• Don Pedro, Prince of Aragon.
  • Benedick of Padua, a lord, companion of Don Pedro.
  • Claudio of Florence; a lord, companion of Don Pedro.
  • Balthasar, a singer and attendant on Don Pedro.
  • Don John, brother of Don Pedro.
  • Borachio and Conrade, followers of Don John.
  • Leonato, governor of Messina.
  • Hero, Leonato's daughter.
  • Beatrice, Leonato's niece.
  • Antonio, Leonato's elderly brother.
  • Margaret, waiting-gentlewoman attendant on Hero.
  • Ursula, waiting-gentlewoman attendant on Hero.
  • Friar Francis, a priest.
  • Dogberry, grand constable in charge of Messina's night watch.
  • Verges the Headborough, Dogberry’s partner.
  • A Sexton, judge of the trial of Borachio.
  • The Watch, watchmen of Messina named Hugh Oatcake, Francis Seacole, and George Seacole.
  • A Boy, serving Benedick.
  • Attendants and messengers
  • Innogen, a ghost character included in early editions as Leonato's wife.


  • Beatrice and Benedick might have been in love with each other before Much Ado About Nothing- Beatrice says that she lent her heart to Benedick for a while, but Benedick had won it of her with 'false dice.'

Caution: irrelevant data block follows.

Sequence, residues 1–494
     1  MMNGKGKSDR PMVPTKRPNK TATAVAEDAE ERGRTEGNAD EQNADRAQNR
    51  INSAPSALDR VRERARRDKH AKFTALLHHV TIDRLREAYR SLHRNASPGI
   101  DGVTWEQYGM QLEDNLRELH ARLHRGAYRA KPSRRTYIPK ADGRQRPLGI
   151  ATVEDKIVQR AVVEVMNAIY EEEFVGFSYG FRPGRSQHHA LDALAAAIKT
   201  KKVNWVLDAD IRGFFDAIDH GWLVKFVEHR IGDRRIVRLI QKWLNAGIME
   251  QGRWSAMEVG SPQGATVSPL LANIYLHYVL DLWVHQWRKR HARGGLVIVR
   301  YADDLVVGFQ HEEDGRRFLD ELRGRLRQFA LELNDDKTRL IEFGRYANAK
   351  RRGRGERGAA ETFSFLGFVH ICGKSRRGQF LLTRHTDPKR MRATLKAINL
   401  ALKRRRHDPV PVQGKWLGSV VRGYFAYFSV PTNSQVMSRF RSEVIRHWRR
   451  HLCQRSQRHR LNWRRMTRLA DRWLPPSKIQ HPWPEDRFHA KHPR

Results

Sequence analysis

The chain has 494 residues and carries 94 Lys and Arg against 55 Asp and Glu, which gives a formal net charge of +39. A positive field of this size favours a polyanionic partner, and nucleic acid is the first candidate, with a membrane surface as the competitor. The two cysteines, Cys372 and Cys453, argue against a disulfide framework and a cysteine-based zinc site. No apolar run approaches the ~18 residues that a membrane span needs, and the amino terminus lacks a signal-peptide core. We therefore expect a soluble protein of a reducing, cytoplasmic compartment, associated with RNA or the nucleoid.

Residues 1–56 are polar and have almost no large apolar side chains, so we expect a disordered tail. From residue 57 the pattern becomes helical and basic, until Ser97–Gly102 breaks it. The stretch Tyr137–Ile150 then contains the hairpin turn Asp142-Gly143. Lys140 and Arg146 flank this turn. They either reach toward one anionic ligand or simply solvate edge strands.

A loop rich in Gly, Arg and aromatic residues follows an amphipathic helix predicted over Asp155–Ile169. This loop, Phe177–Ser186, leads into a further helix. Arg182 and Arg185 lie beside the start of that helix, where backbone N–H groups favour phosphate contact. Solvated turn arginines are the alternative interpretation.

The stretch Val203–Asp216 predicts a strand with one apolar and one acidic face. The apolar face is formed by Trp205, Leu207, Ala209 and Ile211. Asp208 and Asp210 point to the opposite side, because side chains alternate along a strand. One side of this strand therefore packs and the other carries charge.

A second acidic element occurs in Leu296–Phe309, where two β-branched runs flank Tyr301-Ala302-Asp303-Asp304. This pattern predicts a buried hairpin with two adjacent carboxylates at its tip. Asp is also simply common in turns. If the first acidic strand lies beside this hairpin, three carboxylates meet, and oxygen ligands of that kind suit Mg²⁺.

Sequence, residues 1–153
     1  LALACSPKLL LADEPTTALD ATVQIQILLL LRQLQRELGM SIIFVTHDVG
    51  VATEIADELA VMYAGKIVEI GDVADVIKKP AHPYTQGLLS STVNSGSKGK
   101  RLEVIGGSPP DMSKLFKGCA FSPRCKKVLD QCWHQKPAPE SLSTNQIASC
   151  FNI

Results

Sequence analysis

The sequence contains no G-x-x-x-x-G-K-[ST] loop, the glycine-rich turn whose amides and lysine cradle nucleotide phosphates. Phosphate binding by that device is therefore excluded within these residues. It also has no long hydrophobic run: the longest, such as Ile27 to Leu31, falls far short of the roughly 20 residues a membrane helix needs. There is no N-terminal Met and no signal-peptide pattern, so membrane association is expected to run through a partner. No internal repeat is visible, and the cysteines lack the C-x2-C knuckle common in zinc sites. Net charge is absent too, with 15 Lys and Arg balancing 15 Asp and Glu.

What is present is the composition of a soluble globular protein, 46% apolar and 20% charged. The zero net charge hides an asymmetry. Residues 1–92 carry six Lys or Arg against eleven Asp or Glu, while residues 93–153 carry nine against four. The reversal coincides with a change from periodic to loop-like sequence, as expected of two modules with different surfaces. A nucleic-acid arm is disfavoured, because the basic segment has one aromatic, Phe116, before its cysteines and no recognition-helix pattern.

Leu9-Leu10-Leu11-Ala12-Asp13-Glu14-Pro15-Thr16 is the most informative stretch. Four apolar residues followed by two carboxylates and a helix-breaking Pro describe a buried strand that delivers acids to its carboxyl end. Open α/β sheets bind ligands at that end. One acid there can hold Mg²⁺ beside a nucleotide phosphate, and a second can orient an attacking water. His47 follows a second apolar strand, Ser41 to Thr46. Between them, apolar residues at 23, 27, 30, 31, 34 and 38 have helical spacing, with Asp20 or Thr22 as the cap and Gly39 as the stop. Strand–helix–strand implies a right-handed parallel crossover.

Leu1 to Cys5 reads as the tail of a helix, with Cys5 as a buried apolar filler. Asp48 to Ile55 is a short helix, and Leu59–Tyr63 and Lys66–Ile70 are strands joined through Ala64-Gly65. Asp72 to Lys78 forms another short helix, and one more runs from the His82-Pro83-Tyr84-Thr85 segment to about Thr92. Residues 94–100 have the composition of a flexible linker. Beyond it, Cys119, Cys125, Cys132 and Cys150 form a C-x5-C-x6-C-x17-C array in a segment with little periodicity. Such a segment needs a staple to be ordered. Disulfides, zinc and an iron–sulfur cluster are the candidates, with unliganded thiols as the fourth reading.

• Beatrice is an orphan.
  • Don Pedro is one of the few main characters that looks like he is going to get married but in the end doesn't
  • There was a character named Innogen often taken out of the play. She was Leonato's wife, and was either mute, since she never talked, or a character taken out of the play by Shakespeare.
  • The earliest printed text states that Much Ado About Nothing was "sundry times publicly acted" prior to 1600 and it is likely that the play made its debut in the autumn or winter of 1598–1599.